not comprehend the concept of eternal forests, which are not always of the same age, because just like other beings they have their development stages. Their eternity extends through generations of forests. Cutting down old, mature forest stands opens the door to a new generation of a forest, and all foresters rejoice in it because it testifies to a successful change of generations and the survival of the forest in the same area. This transition is visible in lowland forests, but there are also mountain forests in which such an obvious transition is not striking, so it is less noticeable to observers.
Those less well informed or malicious do not know about or close their eyes to decades of pressures on the state forestry. These pressures are aimed at enabling individuals and companies to receive different benefits: in the past it was olive groves and vineyards, today it is the construction of wind power stations and grazing in vegetation-covered or bare forest areas. Croatian foresters staunchly adhere to the concept of sustainable management, under which they fight against reducing forested areas. Thus, if forests are sometimes cut down for conversion purposes as regulated by spatial plans, reduced forested areas are immediately replaced with new forests in another place. Although state forestry has often been thought as a hindrance to development, it has in fact defended lawful activities in circumstances in which some investors, as well as state institutions, have exerted pressure by speeding up the procedure in their favour without any legal basis. The company Croatian Forests Ltd, with all its strengths and weaknesses, is only a part of the overall picture in the Republic of Croatia. Personnel recruitment and management is the same as in other public companies and state-owned companies. Just like in any other profession, there are omissions and mistakes, but one things is always the same: the postulates of Croatian forestry have been tested and verified for over 250 years. Present-day activities of lesser quality in some forests are the consequence of various factors and they do not differ from mistakes taking place in all other professional spheres (is not it true that sometimes a surgical operation may go wrong, or a building can be poorly constructed or a piece of machinery badly assembled?). Even in the most recent case of the Krš-Pađene wind power station, Croatian Forests Ltd have done their homework well by collecting the debt to the investor for easement in the amount according to the regulations valid at the time of starting the investment.
In most of its activities Croatian Forests Ltd are between the hammer and the anvil: on the one hand, there is constant pressure by users of wood resources for more felling and more produced and sold quantities, and on the other, there is growing pressure to protect habitats and species, which all makes production more complex and more expensive.
The relevant ministry, in addition to dropping the word forestry from its name at the end of 2011 for the first time after 1919, has also become an evil stepmother to its own child, since the line minister, as a one-member assembly of the company Croatian Forests Ltd, by his/her orders to the Company management acts to benefit all aspirants to receive all kinds of products and services from forests and forestland. Thus, the most valuable logs are sold at negotiated prices which have for years been out of touch with market conditions, fuel wood and wood residues are sold under long-term contracts regardless of changed market conditions, and bare forest land, and even truffles, must be given over to anyone who wants them, even if legal regulations are not complied with.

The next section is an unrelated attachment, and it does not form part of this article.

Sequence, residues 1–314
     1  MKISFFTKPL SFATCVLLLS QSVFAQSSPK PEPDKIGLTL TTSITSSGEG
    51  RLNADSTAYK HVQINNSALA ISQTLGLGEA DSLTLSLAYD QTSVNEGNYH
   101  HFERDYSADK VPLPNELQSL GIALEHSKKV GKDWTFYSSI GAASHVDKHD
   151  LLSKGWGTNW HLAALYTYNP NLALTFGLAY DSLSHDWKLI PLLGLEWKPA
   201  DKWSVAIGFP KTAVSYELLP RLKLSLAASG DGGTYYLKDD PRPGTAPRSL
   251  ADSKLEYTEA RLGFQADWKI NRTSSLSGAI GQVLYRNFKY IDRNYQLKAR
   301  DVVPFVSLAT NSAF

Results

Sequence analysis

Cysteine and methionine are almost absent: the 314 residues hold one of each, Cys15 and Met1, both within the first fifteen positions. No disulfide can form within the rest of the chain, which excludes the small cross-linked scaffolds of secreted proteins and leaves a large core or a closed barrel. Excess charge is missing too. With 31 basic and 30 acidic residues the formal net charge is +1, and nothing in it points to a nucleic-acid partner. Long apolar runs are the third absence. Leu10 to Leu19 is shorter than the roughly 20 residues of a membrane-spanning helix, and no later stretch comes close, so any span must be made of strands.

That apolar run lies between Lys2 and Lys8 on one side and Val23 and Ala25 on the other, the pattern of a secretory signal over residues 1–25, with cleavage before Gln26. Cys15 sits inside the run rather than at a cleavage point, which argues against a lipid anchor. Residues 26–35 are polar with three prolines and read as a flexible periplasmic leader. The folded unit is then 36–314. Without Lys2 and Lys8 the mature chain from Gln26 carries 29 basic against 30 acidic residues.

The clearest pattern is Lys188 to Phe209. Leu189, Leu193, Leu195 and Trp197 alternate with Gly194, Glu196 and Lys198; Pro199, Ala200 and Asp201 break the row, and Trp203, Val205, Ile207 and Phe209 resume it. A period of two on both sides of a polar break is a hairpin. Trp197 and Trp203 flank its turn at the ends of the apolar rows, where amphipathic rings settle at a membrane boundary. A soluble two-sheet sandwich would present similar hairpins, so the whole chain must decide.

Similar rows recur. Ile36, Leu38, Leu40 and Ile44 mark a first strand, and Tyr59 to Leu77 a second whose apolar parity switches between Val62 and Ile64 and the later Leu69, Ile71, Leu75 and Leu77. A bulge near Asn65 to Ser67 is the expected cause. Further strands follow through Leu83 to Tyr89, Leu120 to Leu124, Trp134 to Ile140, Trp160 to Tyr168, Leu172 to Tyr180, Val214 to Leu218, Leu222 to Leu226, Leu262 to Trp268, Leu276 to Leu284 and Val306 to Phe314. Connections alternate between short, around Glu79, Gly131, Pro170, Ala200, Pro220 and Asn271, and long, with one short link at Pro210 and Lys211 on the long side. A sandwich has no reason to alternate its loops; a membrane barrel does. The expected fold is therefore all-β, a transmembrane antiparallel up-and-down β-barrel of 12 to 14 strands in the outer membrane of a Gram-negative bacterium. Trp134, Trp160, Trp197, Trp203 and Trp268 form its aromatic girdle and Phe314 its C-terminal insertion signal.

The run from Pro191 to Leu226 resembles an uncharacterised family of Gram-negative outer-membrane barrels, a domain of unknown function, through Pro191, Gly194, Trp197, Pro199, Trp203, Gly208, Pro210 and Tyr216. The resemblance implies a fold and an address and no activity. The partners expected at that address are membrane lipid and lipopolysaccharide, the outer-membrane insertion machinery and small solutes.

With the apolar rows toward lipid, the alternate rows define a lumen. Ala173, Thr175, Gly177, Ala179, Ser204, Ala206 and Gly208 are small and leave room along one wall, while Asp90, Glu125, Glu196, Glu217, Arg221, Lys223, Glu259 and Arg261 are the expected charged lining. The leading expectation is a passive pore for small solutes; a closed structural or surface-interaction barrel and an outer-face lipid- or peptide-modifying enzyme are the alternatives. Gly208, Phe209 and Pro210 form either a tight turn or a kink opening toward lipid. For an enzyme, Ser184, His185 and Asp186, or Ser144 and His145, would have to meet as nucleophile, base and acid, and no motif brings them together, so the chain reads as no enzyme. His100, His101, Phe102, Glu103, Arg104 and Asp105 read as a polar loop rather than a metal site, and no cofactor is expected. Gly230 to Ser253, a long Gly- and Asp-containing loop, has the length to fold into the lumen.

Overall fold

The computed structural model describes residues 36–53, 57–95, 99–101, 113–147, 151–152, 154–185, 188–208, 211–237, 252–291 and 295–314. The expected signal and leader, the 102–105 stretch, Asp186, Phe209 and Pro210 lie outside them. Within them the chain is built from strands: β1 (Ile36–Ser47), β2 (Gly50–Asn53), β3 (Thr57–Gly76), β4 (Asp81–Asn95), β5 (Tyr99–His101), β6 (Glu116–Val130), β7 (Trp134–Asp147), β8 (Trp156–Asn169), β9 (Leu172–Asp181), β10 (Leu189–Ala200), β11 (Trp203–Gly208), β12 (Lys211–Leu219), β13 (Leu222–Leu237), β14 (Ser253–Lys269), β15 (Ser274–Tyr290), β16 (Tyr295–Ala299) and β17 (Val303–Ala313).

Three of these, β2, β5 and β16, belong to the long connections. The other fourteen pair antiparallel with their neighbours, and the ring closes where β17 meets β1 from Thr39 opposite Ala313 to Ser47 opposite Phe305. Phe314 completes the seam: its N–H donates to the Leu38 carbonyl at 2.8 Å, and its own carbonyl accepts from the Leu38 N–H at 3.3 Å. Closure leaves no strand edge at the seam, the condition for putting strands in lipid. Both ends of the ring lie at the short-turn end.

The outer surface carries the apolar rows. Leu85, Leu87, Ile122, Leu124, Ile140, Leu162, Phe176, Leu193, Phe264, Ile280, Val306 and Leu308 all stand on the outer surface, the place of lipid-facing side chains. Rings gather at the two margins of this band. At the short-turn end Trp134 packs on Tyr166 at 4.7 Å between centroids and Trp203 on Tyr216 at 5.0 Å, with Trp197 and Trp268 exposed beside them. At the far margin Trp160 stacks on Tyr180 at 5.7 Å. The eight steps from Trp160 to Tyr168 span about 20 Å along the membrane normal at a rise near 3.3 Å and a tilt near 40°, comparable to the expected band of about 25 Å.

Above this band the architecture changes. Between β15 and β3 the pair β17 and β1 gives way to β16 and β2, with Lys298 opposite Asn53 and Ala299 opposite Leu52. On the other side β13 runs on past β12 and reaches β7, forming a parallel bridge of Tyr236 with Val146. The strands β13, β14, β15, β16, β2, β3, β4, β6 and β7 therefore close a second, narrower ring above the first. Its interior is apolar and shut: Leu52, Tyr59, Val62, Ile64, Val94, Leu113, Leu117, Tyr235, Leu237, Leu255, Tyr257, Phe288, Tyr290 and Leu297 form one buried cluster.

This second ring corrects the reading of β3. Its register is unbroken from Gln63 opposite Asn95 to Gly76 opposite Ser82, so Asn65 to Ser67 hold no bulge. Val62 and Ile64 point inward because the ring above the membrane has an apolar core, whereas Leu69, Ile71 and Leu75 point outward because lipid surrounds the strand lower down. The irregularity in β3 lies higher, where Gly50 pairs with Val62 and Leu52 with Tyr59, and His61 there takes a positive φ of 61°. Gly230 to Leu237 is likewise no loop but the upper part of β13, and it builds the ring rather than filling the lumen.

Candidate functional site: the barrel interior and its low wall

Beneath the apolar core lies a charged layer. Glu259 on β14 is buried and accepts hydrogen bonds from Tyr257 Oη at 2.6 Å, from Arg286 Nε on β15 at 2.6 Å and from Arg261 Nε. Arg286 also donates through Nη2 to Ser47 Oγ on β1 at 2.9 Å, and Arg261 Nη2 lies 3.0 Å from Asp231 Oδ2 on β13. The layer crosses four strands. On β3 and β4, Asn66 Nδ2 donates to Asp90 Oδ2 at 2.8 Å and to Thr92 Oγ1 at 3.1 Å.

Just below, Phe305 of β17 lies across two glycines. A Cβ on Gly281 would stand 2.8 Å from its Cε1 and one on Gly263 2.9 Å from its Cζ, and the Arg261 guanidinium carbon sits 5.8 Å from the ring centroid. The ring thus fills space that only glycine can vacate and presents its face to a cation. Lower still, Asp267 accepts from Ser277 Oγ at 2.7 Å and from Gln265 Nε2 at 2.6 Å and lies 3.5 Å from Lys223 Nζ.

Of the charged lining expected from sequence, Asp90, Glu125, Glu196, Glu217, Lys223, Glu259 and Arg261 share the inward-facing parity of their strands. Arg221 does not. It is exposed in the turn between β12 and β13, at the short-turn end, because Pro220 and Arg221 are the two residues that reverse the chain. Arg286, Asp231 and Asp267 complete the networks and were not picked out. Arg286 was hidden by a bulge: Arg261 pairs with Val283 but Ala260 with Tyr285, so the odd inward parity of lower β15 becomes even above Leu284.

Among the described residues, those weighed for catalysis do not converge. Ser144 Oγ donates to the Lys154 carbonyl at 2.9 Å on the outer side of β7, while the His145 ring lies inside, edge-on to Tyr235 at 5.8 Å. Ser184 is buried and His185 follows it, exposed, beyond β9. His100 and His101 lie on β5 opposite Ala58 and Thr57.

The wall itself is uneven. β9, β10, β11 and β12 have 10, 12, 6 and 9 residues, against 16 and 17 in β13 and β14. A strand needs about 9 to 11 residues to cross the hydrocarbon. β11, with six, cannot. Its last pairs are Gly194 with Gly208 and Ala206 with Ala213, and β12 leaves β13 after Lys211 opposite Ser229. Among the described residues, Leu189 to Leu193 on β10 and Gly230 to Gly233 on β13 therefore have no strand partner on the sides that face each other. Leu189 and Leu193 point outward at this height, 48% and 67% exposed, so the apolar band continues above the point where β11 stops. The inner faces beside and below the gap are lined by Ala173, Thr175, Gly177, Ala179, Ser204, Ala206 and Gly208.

The Croatian Forestry Association frequently points out that politicization of the entire system is one of the biggest problems of our society. Entire company managements are changed by politics every four or fewer years and nepotism is an inherent part of the system. Managements installed by politics in this way are forced to carry out the orders of the same policies, even if they are illegal. This is how companies, in our case Croatian Forests Ltd, are dragged through the media as criminal organisations; even public protests are organized against them. Can we even guess how the employees, our colleagues who do their jobs responsibly and lovingly, feel?
All these events raise fears of the terrain being prepared for giving state forests for concession after the company Croatian Forests is declared incapable of forest management. There are many examples of concessions generating exploitation of forests without any investments in them. The majority of European countries with abundant forest areas have strong state companies which manage and guard state forests, their areas and the life in them.
This text does not aim to defend anybody in advance: someone’s innocence or guilt will be decided on by relevant institutions. In the state in which fruitless debates about the past are held, it is time to turn to the present in a more rational manner and not succumb to harangues and hysteria. Politics should loosen its grip and leave it to the profession to do what it knows best: in the case of forestry, it is the management of forests and forestland.